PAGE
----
This blog was written by Ana Alicia Hinojosa, Mennonite Mission Network's director of constituent engagement, in celebration of National Hispanic Heritage Month, Sept.15-Oct. 15.
My experience having grown up Menonita (Mennonite) was different than that of the typical Mennonite in the north — who people in my region refer to as "White Mennonites." It was hard living in an area where everyone was either Catholic or Pentecostal. My friends and some of my family did not understand what it meant to be Mennonite. When asked, my response would be, "We don't fight; we believe in bringing peace."
Being a pacifist made me a target to get picked on. I would be made fun of to see if I would break and throw a punch. But I would always hear the wise words of my father, "Mijita, es major un loco que dos" ("My dear, one mad person is better than two").
One of the ways I learned to live out my Anabaptist and peacemaking faith, as an oft-bullied child, was by sharing monster cookies — cookies with extra ingredients like chocolate chips, M&Ms and oats. I learned to make these cookies from Marylin Short, a winter VSer (Voluntary Service participant — a precursor to Mennonite Voluntary Service and SOOP), who became like an aunt to me and a sister to my mom. To this day, I still have her handwritten recipe, which I still use, and I share those cookies with my neighbors during the holidays or just to tell them that they are in my prayers.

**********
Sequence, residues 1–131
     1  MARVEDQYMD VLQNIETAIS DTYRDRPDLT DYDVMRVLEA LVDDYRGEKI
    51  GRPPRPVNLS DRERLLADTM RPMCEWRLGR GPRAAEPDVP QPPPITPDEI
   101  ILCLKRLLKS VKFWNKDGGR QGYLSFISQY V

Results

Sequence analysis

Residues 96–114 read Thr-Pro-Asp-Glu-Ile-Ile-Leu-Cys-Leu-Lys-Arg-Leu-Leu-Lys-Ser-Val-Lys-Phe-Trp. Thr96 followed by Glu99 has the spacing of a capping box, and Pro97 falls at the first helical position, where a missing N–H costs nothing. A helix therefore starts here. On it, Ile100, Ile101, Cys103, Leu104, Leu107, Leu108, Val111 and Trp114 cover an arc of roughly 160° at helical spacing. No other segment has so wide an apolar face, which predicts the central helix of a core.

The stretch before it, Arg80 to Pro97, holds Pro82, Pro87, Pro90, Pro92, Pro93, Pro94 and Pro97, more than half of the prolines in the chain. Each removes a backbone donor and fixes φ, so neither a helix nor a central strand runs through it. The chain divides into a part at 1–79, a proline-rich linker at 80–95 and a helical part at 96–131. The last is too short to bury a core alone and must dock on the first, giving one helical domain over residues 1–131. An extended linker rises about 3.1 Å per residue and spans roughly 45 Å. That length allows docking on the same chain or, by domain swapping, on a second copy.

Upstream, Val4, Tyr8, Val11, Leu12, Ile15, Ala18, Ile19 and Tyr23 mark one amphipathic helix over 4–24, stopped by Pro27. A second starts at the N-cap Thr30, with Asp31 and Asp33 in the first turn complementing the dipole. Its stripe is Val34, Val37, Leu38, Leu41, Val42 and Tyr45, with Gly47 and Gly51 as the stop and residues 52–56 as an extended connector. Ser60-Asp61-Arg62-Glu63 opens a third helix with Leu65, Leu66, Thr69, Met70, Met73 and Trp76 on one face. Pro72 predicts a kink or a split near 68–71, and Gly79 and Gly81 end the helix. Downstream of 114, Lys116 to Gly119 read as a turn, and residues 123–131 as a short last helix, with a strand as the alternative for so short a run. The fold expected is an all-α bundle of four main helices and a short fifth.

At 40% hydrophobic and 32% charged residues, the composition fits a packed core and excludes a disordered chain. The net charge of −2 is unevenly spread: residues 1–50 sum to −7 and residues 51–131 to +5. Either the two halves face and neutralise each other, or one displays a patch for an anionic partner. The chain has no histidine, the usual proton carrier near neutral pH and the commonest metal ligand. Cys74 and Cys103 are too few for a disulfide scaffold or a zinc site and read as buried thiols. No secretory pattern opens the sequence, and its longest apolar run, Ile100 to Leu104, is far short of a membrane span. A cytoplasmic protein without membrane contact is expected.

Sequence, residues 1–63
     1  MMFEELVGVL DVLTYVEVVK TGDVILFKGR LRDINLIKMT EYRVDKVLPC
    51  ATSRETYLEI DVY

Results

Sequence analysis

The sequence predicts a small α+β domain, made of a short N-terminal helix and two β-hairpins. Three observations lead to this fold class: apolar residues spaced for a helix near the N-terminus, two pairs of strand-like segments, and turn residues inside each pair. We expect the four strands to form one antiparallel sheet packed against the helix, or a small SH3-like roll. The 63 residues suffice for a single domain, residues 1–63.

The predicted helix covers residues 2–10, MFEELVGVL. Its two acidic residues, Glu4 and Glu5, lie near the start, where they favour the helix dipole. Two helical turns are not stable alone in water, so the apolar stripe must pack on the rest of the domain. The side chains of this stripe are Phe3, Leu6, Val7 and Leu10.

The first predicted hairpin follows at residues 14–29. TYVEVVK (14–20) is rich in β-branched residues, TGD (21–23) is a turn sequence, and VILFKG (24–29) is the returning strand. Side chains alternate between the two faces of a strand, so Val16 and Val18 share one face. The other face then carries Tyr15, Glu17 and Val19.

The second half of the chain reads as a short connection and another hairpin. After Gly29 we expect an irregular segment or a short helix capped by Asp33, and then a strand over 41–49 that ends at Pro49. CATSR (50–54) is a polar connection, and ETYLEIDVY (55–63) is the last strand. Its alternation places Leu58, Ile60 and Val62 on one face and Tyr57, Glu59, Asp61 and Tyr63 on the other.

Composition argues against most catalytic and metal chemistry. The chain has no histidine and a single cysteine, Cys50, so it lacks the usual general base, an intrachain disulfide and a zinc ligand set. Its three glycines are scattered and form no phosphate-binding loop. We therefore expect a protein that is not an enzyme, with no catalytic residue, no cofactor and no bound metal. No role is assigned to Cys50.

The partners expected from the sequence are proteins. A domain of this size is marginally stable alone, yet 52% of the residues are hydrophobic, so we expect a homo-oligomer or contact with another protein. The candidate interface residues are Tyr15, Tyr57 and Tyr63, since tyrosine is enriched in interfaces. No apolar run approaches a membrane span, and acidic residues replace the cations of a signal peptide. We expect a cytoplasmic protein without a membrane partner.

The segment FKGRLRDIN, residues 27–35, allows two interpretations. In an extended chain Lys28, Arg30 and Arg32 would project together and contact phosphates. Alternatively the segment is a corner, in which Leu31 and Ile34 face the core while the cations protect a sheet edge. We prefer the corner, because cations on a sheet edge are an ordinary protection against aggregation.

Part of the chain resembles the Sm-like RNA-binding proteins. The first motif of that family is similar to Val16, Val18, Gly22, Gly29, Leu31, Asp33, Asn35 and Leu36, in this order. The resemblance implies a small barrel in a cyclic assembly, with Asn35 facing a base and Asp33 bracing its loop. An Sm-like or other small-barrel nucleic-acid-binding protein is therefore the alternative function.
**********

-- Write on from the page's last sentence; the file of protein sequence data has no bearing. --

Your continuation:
Marylin Short's monster cookie recipe.
I like carrying whoopie pies — soft chocolate cookies with whipped marshmallow fluff sandwiched in-between — with me during the holidays to give to people who are homeless. In our Hispanic culture, we love gathering in the kitchen and at the table, while sharing homemade tortillas. This is where acquaintances become friends and friends become familia (family). This is what I experienced growing up as a first-generation Hispanic Mennonite in my hometown of Brownsville, Texas, where I attended Iglesia Menonita del Cordero.
I remember making tamales and learning to bake with our VSers and Winter VSers, and eating together after we were done. Many did not know one another's languages, so at the age of eight, I would serve as a translator. The experience taught me so much about the cultural diversity that exists within the Mennonite church.
It was then that I fell in love with my Mexican-Mennonite cultural roots. We did many things differently from the other Mennonites I met. We worshiped a little bit louder and with more instruments: drums, electric guitar and accordion; and God's word was shared with great passion. I am glad that it was different — and sometimes difficult — because this has made me the Hispanic leader and Chicana woman that I am today.